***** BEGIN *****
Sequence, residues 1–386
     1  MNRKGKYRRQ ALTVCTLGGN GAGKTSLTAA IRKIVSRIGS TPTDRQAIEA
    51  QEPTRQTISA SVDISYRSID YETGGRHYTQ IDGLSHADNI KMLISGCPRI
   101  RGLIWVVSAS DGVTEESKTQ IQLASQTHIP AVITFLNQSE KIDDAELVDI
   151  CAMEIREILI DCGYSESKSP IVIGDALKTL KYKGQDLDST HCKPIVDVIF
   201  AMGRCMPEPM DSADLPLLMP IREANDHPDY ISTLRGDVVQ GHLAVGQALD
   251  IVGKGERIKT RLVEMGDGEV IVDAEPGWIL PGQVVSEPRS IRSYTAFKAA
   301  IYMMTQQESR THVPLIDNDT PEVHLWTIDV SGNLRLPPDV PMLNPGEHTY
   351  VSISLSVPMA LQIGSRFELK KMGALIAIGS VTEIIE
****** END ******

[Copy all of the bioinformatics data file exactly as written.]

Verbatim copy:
Sequence, residues 1–386
     1  MNRKGKYRRQ ALTVCTLGGN GAGKTSLTAA IRKIVSRIGS TPTDRQAIEA
    51  QEPTRQTISA SVDISYRSID YETGGRHYTQ IDGLSHADNI KMLISGCPRI
   101  RGLIWVVSAS DGVTEESKTQ IQLASQTHIP AVITFLNQSE KIDDAELVDI
   151  CAMEIREILI DCGYSESKSP IVIGDALKTL KYKGQDLDST HCKPIVDVIF
   201  AMGRCMPEPM DSADLPLLMP IREANDHPDY ISTLRGDVVQ GHLAVGQALD
   251  IVGKGERIKT RLVEMGDGEV IVDAEPGWIL PGQVVSEPRS IRSYTAFKAA
   301  IYMMTQQESR THVPLIDNDT PEVHLWTIDV SGNLRLPPDV PMLNPGEHTY
   351  VSISLSVPMA LQIGSRFELK KMGALIAIGS VTEIIE